Welcome to my academic blog. This blog is designed to consolidate my learning experience at the Master of Learning and Technology (MALAT) program at Royal Roads University (RRU). I hope you enjoy reading, and I am excited to explore the world of teaching and learning, emphasizing technology over the coming 2 years.
The RRU Virtual Symposium took place from April 12th – 16th, 2021. It provided our cohort with the opportunity to listen to leaders in education and meet the 2021 graduating class, albeit virtually. Our first assignment asked us to summarize our experience at the event, highlight ideas or concepts interesting, and explain why.
In reflection, four topics come to mind. Not only did I find them intriguing, but they also match well with the type of work I currently do as an NCCP Coach Developer in the sport of cycling:
- Surface learning vs. conceptual learning
- Adult Learning Environment terminology and definitions (Hatzigeorgiou, 2021)
- Competency-based coach training and certification programs (Hatzigeorgiou, 2021)
- “Messy” impact of OPEN learning models (Cormier, 2017)
- Importance of mentorship at all levels of a learning system (Cronin, 2017)
As an aspiring athlete and later as a professional cyclist, I really enjoyed riding as many roads and trails as possible when I moved to a new area. This activity helped me understand the shape and feel of the place. In my professional work, I tend to explore the key tenets of or major obstacles that challenge the organizations I work with. Dino Hatziegeorgiou’s presentation provided a valuable introduction to competency-based adult learning programs and the supporting literature, concepts that are fundamental to the National Coaches Certification Program (NCCP) since 2014. Using the presentation as a launchpad, I explored a basic understanding of the Adult Learning Theoretical Framework (ALTF) (Knowles, 1968, 1980) and the importance of Adaptive Learning Environments (ALE) (Hatzigeorgiou, 2021). As an NCCP Master Coach developer, we are asked to fulfill 3 roles, guide, moderate, and finally, if needed, instruct and are tasked with creating an environment that promotes decision-making, problem-solving, and the coach’s needs. I found similarities between the NCCP training methods and the concepts introduced in Hatzigeorgiou’s presentation, including the importance of self-directed learning (Candy, 1991; Goodyear, 2000), the need to provide a personalized learning environment that promotes learner choice and control (Knapper & Crople, 2000; Klamma et al. l., 2007; Janssen et al., 2007), and the ability to use these methods on an individual basis (Wooldridge & Jennings, 1995).
It was not until later in the week that I watched Cormier’s 2017 talk discussing the “messiness” of teaching online or in open environments. However, it proved helpful as Cormier’s Learning Ecosystem illustration summarized the conceptual methods I first learned about during Hatziegeorgiou’s presentation. The learning matrix not only provided simple action-based suggestions (Cormier, 2017), but it also helped me understand the methods supporting the various NCCP programs that currently exist and those we are currently building. Most notably, our new coach mentorship program, including a monthly study group, could indeed use a rhizome-inspired design. I am excited to work on such a program as I begin this new adventure at Royal Roads University.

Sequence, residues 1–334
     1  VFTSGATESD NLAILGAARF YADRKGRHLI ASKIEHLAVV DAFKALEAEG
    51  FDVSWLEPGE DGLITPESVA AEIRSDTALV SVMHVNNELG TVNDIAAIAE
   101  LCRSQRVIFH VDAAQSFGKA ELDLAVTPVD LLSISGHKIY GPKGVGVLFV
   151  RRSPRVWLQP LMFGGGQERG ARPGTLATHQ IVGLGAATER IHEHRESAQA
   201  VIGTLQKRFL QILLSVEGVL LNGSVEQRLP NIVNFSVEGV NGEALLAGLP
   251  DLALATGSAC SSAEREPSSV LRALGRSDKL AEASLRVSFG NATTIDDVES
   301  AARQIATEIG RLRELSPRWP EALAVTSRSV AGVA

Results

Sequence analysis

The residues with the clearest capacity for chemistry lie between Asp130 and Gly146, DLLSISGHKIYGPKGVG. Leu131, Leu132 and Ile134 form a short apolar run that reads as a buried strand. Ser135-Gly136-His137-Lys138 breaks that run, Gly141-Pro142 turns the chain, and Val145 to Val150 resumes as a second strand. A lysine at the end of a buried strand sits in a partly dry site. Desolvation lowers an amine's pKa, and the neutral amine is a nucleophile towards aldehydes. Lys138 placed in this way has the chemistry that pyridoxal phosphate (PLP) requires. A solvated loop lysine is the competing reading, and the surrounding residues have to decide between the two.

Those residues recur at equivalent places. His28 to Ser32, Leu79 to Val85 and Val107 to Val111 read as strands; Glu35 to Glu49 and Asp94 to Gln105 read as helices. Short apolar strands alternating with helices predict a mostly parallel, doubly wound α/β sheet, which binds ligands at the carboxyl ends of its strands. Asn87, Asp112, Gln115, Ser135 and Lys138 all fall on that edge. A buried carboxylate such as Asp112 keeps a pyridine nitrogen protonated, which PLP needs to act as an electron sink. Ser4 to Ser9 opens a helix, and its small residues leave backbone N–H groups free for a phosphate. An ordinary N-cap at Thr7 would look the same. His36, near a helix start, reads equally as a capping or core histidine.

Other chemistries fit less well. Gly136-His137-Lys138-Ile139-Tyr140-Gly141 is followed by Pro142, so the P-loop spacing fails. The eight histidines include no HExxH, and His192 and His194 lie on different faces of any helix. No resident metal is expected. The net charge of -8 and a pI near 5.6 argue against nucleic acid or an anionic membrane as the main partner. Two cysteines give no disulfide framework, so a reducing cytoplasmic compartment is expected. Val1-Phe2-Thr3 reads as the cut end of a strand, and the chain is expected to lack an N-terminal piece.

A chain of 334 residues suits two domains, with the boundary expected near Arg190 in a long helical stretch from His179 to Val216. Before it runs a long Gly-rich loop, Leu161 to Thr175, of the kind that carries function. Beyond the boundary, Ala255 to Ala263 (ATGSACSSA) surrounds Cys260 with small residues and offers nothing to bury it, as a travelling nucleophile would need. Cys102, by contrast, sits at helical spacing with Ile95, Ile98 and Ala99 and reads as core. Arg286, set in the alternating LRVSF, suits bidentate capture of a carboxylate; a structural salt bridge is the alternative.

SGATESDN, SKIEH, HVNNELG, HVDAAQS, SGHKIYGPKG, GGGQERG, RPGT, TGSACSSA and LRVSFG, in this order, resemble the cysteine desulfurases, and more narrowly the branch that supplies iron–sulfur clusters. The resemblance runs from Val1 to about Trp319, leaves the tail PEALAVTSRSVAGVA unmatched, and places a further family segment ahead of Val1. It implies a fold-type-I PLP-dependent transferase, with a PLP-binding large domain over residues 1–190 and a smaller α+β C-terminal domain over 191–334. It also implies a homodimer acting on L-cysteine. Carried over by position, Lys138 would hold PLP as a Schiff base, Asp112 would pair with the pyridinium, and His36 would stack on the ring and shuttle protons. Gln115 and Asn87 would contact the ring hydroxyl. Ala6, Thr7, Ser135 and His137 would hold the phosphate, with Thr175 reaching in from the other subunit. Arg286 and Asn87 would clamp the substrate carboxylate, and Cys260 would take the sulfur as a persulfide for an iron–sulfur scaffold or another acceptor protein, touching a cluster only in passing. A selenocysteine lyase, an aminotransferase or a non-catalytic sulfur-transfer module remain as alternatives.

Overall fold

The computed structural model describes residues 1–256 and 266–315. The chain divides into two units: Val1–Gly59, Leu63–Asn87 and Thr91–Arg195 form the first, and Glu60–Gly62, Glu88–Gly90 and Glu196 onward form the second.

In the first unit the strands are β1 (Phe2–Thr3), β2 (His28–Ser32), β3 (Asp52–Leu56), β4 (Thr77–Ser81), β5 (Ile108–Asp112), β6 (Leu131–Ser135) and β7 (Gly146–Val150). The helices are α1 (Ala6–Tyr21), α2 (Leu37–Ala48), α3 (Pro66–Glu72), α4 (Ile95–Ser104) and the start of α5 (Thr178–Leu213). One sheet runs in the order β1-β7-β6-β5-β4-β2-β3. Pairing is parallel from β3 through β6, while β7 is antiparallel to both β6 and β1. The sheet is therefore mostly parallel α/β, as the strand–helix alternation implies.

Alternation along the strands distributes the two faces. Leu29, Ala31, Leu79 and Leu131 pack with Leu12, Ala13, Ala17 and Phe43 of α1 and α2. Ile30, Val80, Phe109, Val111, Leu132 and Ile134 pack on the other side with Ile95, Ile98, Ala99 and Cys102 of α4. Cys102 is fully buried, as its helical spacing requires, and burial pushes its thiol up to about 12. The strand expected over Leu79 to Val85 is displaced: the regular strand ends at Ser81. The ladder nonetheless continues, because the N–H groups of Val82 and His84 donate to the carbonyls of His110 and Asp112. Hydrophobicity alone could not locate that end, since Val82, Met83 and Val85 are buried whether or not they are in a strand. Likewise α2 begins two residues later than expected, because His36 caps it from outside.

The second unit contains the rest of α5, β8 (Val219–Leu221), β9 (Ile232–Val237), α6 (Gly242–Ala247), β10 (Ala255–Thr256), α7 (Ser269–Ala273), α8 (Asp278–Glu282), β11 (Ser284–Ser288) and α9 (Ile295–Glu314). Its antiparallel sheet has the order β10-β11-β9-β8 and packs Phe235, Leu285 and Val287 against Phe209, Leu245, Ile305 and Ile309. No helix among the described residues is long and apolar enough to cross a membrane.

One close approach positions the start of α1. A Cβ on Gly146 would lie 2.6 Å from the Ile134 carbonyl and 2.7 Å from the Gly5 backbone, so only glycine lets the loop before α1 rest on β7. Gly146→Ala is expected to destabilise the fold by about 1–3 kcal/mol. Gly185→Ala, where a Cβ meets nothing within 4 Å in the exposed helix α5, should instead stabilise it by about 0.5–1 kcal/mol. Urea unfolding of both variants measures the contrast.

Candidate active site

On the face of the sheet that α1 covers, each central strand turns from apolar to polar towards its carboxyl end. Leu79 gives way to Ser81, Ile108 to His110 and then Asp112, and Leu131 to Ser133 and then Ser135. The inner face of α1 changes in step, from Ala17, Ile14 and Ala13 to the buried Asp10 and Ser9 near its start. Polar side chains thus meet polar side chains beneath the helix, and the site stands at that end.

|Working Alone||Consumes a Learning Object (answers a question) eLearning||Rhizomatic Learning(explore a field) Outdoor modules &study group calls||Working with others|
|Participates in a Structure Course Theory Modules||Mentor new learners (supports others in questions/concepts) Mentorship, Annual staff training, Coach Developer team|
BLUE denotes current or proposed NCCP programs.
Cormier, D. (2017). Intentional messiness of online communities. [Video]. MALAT Virtual Symposium 2017, Royal Roads University. https://malat-coursesite.royalroads.ca/lrnt521/dave-cormier-virtual-symposium-presentation/
Cronin, Catherine. (2017) Open culture, open education, open question. [Video]. MALAT Virtual Symposium 2017, Royal Roads University. https://malat-coursesite.royalroads.ca/lrnt521/catherine-cronin-choosing-open/
Hatziegeorgiou, Dino. (2021). Adaptive Learning for Knowledge Currency in Pilot Training. [2021 ARP Padlet]. MALAT Virtual Symposium 2021; Royal Roads University. http://bit.ly/HatziegeorgiouVS2021
Knowles, M.S. (1968). Andragogy, not pedagogy. Adult Leadership, 16(10), 350-352, 386
Knowles, M.S. (1980). The modern practice of adult education: From pedagogy to andragogy (2nd ed.). New York: Cambridge University Press.
Goodyear, P. 2000. Environments for lifelong learning: Ergonomics, architecture, and educational design. Integrated and Holistic Perspectives on Learning, Instruction & Technology: Understanding Complexity, 1-18. Janssen
Knapper, C.K., & Cropley, A. (2000). Lifelong learning in higher education. Kogan Page.
Klamma, R., Chatti, M.A., Duval, E., Hummel, H.,Hvannberg, E.T., Kravcik, M., Law, E., Naeve, A., & Scott, P. (2007). Social software for life-long learning. Educational Technology & Society, 10 (3), 72-83.
Janssen, J., Tattersall, C., Waterink, W., Van den Berg, B., Van Es, R., Bolman, C., & Koper, R. (2007). Self-organizing navigational support in lifelong learning: how predecessors can lead the way. Computers & Education, 49 (3), 781-793.
Wooldridge, M., & Jennings, N. (1995(. Intelligent agents: Theory and practice. The Knowledge Engineering Review, 10(2), 115-152. Doi:10.1017/ S0269888900008122